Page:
Harriette Line Thompson isn’t your typical runner. She’s the first to admit she didn’t train much at all for her latest marathon – her 15th in as many years. She doesn’t talk about gear or carbo-loading.
Yet earlier this month, Thompson set a new world record. She finished the Suja Rock N’ Roll San Diego Marathon in 7:07:42 – the fastest ever for a women 90 and above.
Thompson is 91, the second oldest person to finish a marathon in U.S. history.
She had just finished cancer treatment when she ran the grueling 26.2 miles as a fundraiser for one of the event’s charities. She says she’s not really competing when she runs – she’s trying to raise money for a cause.
Running is relatively new to Thompson, but the spotlight is not. She has spent much of her life as a concert pianist, touring domestically and abroad.
We caught up with the nonagenarian after she had taken the red eye back from the California race to her home in Charlotte, N.C.
You started running marathons at 76. Why?
Back in 1999, somebody in my choir was collecting money for the Leukemia & Lymphoma Society [one of the official race charities]. She said she was going to walk the marathon in San Diego. I decided to run it.
I soon found out, walking or running 26 miles is a lot different than walking around the house. I was not a runner then. I just didn’t know what was going on. I wasted 15 minutes in the bathroom line at McDonald’s.
Do you think of yourself as an athlete?
No, absolutely not. I’m not really a professional runner. I have always loved to be active, though. Growing up, I went swimming every day. And I started begging my mother for a bicycle when I was six. I finally got one when I was 12, when I had to go two miles to junior high.
I’ve always been active, but I’ve never really planned it, it’s just part of the day.
What does running the marathon do for you?
I feel younger when I’m running – unless it’s the last few miles of a marathon. When I finish a marathon, I am relieved that it’s over. A whole week later, I still feel great. It’s exhilarating.
And you also give back to running by your fundraising – the thing that got you started in the first place.
Through the years, I’ve raised over $90,000 for the Leukemia & Lymphoma Society. What’s really nice about this is, people are now sending in money to the society in my honor. It’s so wonderful. I didn’t expect that.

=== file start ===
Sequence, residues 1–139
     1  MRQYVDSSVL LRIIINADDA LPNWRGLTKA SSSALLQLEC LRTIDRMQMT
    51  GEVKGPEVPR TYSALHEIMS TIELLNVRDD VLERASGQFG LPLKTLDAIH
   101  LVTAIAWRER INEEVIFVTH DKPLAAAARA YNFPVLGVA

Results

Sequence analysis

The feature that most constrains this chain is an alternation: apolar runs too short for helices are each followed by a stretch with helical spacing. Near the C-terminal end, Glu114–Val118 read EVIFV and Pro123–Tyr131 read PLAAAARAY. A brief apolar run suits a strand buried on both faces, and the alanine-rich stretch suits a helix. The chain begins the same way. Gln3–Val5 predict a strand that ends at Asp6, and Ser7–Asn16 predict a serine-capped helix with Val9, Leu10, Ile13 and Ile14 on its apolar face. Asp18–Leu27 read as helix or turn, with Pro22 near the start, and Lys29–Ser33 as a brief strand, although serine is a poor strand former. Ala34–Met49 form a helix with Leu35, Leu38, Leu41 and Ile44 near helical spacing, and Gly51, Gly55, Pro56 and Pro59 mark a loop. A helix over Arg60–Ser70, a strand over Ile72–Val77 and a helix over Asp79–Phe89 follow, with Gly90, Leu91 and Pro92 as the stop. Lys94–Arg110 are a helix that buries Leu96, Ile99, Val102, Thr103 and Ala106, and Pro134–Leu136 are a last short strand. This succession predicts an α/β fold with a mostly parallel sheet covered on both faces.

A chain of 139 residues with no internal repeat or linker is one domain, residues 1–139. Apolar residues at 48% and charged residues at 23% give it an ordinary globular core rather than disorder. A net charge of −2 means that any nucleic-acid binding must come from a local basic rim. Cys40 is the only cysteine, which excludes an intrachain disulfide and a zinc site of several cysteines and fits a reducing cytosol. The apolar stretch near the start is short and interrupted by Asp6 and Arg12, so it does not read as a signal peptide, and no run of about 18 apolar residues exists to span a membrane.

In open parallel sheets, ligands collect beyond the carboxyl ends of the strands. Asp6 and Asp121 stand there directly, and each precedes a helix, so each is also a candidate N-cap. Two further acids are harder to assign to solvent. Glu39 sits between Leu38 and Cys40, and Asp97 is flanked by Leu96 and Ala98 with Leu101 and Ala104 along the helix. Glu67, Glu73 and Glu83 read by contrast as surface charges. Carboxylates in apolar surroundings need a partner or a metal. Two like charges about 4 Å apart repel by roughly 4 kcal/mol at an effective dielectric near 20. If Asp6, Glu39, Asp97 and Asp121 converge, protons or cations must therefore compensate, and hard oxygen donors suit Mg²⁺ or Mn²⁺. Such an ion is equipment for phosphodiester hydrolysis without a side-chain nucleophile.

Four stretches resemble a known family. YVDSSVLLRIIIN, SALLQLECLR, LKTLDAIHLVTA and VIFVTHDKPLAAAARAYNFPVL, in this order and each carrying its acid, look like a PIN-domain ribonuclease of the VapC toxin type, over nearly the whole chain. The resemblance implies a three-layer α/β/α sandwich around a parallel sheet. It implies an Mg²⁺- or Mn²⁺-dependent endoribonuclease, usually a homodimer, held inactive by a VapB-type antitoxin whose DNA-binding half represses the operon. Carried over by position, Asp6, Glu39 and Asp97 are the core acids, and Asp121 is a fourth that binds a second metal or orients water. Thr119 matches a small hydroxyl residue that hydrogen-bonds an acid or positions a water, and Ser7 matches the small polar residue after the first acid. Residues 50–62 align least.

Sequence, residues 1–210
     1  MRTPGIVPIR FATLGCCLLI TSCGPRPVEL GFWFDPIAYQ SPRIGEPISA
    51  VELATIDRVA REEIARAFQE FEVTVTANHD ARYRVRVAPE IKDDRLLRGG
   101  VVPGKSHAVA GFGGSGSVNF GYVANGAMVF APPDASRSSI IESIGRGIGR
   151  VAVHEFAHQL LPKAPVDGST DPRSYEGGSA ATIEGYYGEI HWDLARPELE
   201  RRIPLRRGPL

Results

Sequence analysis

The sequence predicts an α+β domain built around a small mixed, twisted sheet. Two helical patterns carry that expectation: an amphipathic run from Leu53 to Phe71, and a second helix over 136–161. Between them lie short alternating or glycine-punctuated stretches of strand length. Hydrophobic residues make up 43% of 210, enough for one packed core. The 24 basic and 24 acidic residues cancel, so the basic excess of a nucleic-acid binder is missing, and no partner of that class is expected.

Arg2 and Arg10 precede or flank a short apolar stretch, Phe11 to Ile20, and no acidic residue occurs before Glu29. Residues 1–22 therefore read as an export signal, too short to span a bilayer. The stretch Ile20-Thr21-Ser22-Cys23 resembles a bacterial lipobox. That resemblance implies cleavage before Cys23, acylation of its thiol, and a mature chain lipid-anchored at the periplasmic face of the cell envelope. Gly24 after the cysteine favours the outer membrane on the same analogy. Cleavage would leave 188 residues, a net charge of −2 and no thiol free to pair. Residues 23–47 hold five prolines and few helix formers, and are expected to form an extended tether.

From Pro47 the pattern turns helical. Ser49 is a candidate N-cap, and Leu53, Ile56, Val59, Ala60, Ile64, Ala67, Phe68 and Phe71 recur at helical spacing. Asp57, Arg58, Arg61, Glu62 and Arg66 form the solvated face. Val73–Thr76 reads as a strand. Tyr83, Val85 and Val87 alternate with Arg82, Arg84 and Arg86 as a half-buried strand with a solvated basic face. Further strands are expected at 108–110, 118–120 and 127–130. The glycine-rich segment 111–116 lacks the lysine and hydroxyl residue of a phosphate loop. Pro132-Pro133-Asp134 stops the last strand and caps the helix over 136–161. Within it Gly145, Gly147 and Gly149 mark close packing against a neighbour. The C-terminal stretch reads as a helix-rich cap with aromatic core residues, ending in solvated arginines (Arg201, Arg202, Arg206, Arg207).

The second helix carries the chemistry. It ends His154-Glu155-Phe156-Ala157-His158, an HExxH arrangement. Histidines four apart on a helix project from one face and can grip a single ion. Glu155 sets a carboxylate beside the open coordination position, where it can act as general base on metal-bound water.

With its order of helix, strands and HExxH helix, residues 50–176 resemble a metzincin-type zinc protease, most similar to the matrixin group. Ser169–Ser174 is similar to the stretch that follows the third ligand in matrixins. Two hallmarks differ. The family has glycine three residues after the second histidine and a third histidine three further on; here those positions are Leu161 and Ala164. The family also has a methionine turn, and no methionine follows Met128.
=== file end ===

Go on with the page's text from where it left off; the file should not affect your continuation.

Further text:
Every year, when I fundraise, I tell people, ‘I think this is my last year.’ I’ve been saying that now for a few years. They tell me I don’t even have to run it anymore, they will still donate.
What do you know now that you wish you had known when you were 30?
I wish I would have known that worrying is a waste of time. I don’t worry about much now. Often, we make mountains out of molehills.
In race photos of you, your lipstick looks perfect, despite sweating and weather. How do you manage that?
I guess that’s the brand, it is supposed to be long-lasting. I don’t remember what brand it is, though.
Will you be back in San Diego next year for your marathon #16?
I’d love to do it if I am still here. I think I’ll do better next year. I’ll be able to train more. This year, I had just finished getting radiation for skin cancer on my legs. I also have had cancer in my mouth, and I have gotten rid of all that.
What does aging with attitude mean to you?
I think it means being positive. I hate to be negative. I feel there is no point in that – I don’t want to dwell on the bad. I like to think of the best parts of life.
Yout focus on ectraordianaily healthy strong elders makes the great majority of elders feel inferior – and worse, makes soeicty feel it has do nothing much about the many and concurrent ills that attend aging like but not only Alzheimrer’s whic I call brain failure. Also I see not focus on the very real need of paltonic and family especially affections. especialy.wich is what most elders – especialy women need. Sex is not a need or ever a want very often. Know that is against popular cultural tining but it is surely the healthiers one for all geneations.
You go, lady! I”m 81 and go to the gym a couple of times a week. I thought that was great–but not nearly as great as running a marathon.